The method outlines the procedure by which the Hawaiian bobtail squid, Euprymna scolopes and its bacterial symbiont, Vibrio fischeri, are raised separately and then introduced to allow for specific colonization of the squid light organ by the bacteria. Colonization detection by bacterially-derived luminescence and by direct colony counting are described.
Obtaining Hemocytes from the Hawaiian Bobtail Squid Euprymna scolopes and Observing their Adherence to Symbiotic and Non-Symbiotic Bacteria
This video will demonstrate how to obtain hemocytes (blood cells) from the Hawaiian bobtail squid, Euprymna scolopes for use in cell biological and bacterial adhesion assays. Hemocytes will be stained with a fluorescent dye and exposed to GFP-labeled bacteria.
The advent of MEG systems sized for young children opens important new opportunities to study brain development. The new system, together with a protocol that aligns experimental requirements with the capacities of children, can be used to study cognitive and language processes in healthy, awake children aged three to six.
The Drosophila egg chamber is an excellent model for studying the mechanisms of mRNA localization. In order to capture the dynamic events that underpin the processes of localization, rapid high resolution imaging of live tissue is required. Here, we present a protocol for dissection and imaging of live samples with minimal disruption.
Simultaneous Pre- and Post-synaptic Electrophysiological Recording from Xenopus Nerve-muscle Co-cultures
This video demonstrates the procedures used to grow primary cultures of embryonic Xenopus nerve and muscle cells and the usefulness of this preparation for making simultaneous pre- and post-synaptic patch clamp recordings.
German biophysicist Erwin Neher shared the 1991 Nobel Prize in Physiology or Medicine with Bert Sakmann for their pioneering work measuring the activity of single ion channels in cells.
Examining the Conformational Dynamics of Membrane Proteins in situ with Site-directed Fluorescence Labeling
We will describe a method which measures the kinetics of ion transport of membrane proteins alongside site-specific analysis of conformational changes using fluorescence on single cells. This technique is adaptable to ion channels, transporters and ion pumps and can be utilized to determine distance constraints between protein subunits.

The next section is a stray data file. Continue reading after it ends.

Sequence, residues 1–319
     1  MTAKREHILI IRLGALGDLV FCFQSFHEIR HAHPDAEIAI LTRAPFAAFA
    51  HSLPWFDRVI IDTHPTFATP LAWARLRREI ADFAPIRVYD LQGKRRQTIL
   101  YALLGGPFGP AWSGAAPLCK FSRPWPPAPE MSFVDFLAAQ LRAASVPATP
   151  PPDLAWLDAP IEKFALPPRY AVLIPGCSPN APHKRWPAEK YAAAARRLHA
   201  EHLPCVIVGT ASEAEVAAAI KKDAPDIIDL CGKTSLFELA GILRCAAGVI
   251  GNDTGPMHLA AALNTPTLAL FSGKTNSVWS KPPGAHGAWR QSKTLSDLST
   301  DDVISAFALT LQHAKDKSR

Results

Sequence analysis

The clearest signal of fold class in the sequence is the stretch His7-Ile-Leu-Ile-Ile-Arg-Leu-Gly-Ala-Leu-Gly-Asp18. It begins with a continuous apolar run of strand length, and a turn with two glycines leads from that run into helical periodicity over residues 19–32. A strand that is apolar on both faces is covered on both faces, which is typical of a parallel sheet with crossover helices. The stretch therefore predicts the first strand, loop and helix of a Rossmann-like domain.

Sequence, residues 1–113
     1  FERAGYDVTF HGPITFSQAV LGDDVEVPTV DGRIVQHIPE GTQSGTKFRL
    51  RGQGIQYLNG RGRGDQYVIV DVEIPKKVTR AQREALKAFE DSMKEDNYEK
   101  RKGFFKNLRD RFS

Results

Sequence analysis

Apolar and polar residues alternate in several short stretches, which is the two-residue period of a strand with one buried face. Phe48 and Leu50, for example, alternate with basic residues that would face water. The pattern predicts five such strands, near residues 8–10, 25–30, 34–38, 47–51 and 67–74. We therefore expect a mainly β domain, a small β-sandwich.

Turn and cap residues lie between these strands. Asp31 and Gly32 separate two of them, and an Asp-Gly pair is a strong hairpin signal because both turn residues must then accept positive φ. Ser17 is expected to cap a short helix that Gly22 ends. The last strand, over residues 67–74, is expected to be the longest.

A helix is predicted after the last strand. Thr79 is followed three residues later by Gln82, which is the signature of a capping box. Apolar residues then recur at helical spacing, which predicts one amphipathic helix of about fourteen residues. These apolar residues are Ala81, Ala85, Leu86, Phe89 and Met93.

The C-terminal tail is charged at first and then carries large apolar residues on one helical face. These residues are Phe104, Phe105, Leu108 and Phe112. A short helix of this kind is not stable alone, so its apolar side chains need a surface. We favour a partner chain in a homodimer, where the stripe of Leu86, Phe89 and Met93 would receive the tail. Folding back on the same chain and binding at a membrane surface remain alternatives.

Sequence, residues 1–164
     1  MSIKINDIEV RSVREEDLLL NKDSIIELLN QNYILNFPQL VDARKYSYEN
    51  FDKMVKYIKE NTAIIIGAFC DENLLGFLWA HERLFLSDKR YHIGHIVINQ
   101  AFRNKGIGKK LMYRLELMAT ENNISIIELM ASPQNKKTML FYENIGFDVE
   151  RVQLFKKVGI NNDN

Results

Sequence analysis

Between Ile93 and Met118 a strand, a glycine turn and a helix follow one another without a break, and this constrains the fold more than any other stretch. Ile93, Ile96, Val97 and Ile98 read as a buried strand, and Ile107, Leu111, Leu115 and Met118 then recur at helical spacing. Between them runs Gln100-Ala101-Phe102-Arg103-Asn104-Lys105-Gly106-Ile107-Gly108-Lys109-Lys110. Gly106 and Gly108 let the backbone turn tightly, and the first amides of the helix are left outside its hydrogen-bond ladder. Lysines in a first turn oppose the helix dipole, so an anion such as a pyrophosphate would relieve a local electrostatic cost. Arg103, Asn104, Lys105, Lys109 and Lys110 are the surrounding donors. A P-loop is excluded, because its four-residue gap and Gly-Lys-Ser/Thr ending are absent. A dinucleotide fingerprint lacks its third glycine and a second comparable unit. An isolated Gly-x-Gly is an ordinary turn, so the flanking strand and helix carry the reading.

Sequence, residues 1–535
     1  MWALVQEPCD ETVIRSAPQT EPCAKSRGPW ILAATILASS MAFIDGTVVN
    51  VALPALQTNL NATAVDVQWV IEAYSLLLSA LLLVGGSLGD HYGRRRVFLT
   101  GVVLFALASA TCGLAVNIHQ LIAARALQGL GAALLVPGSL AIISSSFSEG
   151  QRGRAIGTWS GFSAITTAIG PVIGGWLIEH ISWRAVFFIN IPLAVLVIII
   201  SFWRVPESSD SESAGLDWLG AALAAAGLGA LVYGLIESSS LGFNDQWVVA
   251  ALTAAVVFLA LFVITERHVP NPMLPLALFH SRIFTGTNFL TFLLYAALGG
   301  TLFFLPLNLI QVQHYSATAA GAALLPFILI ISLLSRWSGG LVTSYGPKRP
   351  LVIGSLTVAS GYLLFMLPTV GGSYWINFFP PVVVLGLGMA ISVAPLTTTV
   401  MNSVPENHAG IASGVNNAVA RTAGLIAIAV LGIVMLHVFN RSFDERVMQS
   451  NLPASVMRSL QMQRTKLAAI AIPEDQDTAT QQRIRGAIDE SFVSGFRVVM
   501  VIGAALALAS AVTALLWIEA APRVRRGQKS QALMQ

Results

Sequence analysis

We provide a simple, semi-quantitative method to investigate biofilm formation in vitro. This method takes advantage of the Zeiss stemi 2000-C Dissecting Microscope (with camera attachment) to monitor both the timing and pattern of biofilm formation, as assessed by the development of wrinkled colonies.
Modeling Biological Membranes with Circuit Boards and Measuring Electrical Signals in Axons: Student Laboratory Exercises
This is a demonstration of how biological membranes can be understood using electrical models. We also demonstrate procedures for recording action potentials from the ventral nerve cord of the crayfish for student orientated laboratories.
The American horseshoe crab, Limulus polyphemus, is arguably the most convenient source for large quantities of blood of any invertebrate. The blood is simple in composition, with only one cell-type in the general circulation, the granular amebocyte, and only three abundant proteins in the plasma, hemocyanin, the C-reactive proteins, and α2-macroglobulin. Blood is collected from the heart and the blood cells and plasma are separated by centrifugation.
Measuring Cation Transport by Na,K- and H,K-ATPase in Xenopus Oocytes by Atomic Absorption Spectrophotometry: An Alternative to Radioisotope Assays
We describe a method to quantify the activity of K+-countertransporting P-type ATPases by heterologous expression of the enzymes in Xenopus oocytes and measuring Rb+ or Li+ uptake into individual cells by atomic absorption spectrophotometry. The method is a sensitive and safe alternative to radioisotope flux experiments facilitating complex kinetic studies.
Membrane Potentials, Synaptic Responses, Neuronal Circuitry, Neuromodulation and Muscle Histology Using the Crayfish: Student Laboratory Exercises
The experiments demonstrate an easy approach for students to gain experience in examining muscle structure, synaptic responses, the effects of ion gradients and permeability on membrane potentials. Also, a sensory-CNS-motor-muscle circuit is presented to show a means to test effects of compounds on a neuronal circuit.